2. Greece’s Boy Eating the Bird’s Food is based on the 1890 novel, “Hunger” by Nobel Prize-winner and Nazi sympathizer Knut Hamsun, which was shown in the Toronto Film Festival last year. The story follows an unemployed 22-year-old young man in Athens with no money, no girlfriend and no food to eat. He has only a canary bird and a beautiful singing voice. When he finds himself without a home, he must seek shelter for his bird.

Greece has five nominations in this category. They were: Electra by Michael Cacoyanis in 1962; The Red Lanterns by Vasilis Georgiadis in 1963; Blood on the Land by Georgiadis in 1965; Iphigenia by Cacoyanis in 1977; and Dogtooth by Yorgos Lanthimos in 2010.

3. Hungary’s The Notebook (A Nagy Füzet), is set in a village on the Hungarian border, where two young brothers grow up during wartime with their cruel grandmother and must learn every trick of evil to survive in the absurd world of adults.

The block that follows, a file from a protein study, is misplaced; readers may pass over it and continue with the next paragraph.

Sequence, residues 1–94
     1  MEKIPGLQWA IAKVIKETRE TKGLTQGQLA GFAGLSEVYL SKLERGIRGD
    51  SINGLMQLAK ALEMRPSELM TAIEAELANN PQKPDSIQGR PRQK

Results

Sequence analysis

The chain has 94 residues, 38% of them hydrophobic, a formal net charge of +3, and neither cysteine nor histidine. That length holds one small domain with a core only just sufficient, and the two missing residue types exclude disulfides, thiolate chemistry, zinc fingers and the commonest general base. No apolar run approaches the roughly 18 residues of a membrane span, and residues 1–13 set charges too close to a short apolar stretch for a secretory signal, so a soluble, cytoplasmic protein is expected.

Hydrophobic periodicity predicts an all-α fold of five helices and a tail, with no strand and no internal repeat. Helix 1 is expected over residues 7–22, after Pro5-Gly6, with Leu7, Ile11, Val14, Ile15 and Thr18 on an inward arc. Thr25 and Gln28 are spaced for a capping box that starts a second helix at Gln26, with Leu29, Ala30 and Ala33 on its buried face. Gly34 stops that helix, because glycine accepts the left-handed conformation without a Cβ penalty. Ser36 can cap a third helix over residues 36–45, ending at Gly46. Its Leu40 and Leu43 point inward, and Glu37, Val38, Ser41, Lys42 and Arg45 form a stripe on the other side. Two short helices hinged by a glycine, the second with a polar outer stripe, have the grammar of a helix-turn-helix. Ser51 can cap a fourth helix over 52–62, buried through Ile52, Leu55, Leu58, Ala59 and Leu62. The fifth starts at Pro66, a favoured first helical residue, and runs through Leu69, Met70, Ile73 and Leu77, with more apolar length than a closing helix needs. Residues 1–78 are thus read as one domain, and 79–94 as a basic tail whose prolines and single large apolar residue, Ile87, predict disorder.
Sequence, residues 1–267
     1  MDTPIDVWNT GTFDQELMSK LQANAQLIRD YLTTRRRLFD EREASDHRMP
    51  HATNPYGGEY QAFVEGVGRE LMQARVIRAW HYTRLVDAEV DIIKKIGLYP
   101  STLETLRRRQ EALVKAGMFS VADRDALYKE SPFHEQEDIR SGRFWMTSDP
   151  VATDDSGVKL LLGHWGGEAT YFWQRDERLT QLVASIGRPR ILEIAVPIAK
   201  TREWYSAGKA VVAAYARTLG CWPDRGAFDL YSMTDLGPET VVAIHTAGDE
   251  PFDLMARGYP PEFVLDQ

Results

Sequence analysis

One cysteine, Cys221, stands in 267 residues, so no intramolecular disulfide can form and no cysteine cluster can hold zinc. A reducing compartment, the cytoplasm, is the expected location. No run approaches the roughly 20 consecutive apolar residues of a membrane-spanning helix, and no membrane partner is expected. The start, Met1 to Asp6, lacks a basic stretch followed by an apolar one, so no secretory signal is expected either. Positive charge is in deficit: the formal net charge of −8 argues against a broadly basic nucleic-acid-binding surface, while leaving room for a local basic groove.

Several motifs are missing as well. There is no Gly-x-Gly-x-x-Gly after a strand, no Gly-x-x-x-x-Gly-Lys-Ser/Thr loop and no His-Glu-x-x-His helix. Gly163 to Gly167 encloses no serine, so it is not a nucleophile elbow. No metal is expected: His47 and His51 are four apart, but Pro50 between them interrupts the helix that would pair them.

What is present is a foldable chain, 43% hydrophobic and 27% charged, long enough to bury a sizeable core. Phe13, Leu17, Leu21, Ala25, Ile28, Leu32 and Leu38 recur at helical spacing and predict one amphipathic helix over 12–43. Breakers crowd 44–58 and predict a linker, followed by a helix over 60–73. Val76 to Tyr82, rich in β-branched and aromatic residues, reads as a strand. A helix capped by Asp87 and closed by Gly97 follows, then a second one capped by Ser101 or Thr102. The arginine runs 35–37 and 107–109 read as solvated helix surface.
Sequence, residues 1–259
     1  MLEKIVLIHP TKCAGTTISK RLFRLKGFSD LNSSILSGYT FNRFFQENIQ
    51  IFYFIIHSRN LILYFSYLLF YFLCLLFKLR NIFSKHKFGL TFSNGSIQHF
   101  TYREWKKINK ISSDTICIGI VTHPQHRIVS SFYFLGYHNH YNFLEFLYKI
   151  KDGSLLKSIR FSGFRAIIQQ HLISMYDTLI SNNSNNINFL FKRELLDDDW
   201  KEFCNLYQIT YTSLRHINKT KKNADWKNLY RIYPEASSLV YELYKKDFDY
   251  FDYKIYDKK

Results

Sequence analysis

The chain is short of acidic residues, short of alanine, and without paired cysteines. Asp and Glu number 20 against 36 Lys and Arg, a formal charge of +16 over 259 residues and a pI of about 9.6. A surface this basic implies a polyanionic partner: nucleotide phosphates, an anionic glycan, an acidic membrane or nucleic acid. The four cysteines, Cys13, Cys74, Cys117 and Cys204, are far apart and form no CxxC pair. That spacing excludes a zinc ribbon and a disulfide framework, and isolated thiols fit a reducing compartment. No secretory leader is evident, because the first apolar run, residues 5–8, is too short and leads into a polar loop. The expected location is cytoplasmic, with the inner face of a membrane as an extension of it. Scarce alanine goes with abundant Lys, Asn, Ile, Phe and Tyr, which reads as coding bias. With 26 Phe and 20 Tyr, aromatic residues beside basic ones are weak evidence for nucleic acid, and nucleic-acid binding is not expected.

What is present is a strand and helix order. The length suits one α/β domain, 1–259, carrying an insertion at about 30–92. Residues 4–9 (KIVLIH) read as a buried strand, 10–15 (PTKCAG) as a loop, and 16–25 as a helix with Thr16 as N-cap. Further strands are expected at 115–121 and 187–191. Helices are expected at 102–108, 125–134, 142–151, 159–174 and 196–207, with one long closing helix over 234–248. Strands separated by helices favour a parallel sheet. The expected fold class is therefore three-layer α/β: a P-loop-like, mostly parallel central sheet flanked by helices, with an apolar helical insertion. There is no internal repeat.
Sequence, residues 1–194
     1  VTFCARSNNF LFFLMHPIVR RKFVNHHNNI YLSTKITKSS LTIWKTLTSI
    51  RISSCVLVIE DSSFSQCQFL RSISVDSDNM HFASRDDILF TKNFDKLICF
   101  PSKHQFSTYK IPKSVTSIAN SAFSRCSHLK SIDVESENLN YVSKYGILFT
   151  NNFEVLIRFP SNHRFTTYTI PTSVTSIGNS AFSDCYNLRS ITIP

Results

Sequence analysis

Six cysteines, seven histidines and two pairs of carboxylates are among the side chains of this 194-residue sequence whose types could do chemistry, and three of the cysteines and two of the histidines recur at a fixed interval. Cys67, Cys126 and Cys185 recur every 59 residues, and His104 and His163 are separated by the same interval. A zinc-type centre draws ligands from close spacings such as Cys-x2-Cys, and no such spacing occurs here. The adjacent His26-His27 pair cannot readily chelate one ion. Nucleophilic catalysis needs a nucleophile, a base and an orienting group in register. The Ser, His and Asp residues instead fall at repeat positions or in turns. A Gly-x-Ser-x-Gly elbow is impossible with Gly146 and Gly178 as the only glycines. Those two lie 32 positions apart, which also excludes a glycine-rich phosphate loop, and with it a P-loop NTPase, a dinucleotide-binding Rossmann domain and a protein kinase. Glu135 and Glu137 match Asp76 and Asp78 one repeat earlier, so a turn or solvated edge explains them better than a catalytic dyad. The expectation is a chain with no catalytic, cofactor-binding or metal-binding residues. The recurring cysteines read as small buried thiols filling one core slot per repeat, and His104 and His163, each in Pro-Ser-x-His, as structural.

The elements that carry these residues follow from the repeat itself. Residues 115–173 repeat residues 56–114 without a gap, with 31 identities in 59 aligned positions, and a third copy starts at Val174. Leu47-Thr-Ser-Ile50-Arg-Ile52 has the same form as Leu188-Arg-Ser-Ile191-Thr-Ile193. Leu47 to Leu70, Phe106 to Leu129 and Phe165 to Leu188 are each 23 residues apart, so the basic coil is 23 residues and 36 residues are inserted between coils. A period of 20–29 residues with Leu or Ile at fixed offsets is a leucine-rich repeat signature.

Hungary won the best foreign language film award in 1981 for Mephisto, directed by Istvan Szabo. The country also chalked up seven nominations in this category in the following years: 1968 (The Boys of Paul Street by Zoltan Fabri); 1974 (Cat’s Play by Karoly Makk); 1978 (Hungarians by Zoltan Fabri); 1980 (Confidence by Istvan Szabo); 1983 (Job’s Revolt by Imre Gyongyossy and Barna Kabay; 1985 (Colonel Redl by Istvan Szabo); and 1988 (Hanussen by Istvan Szabo).

4. Romania’s Child’s Pose, which premiered in competition at the Berlin Film Festival earlier this year and won the Golden Bear, centers on a well-to-do, well-connected Bucharest society lady named Cornelia who takes the driver’s seat when her 34-year-old son gets involved in a deadly accident. Through her stifling love, she shields her wounded son from the hard realities of life.

Last year, Romania’s entry. Beyond the Hills by Christian Mungiu made it to the shortlist of nine semi-finalists but didn’t make it to the final list of five nominees.

5. Montenegro’s Bad Destiny follows the story of Belog, former member of a paramilitary group in Bosnia & Herzogivina during the war in the 1990’s, after he leaves jail and tries to escape to Italy. He is sought after by a group of his war comrades due to a video-clip of an execution of a group of people during the war.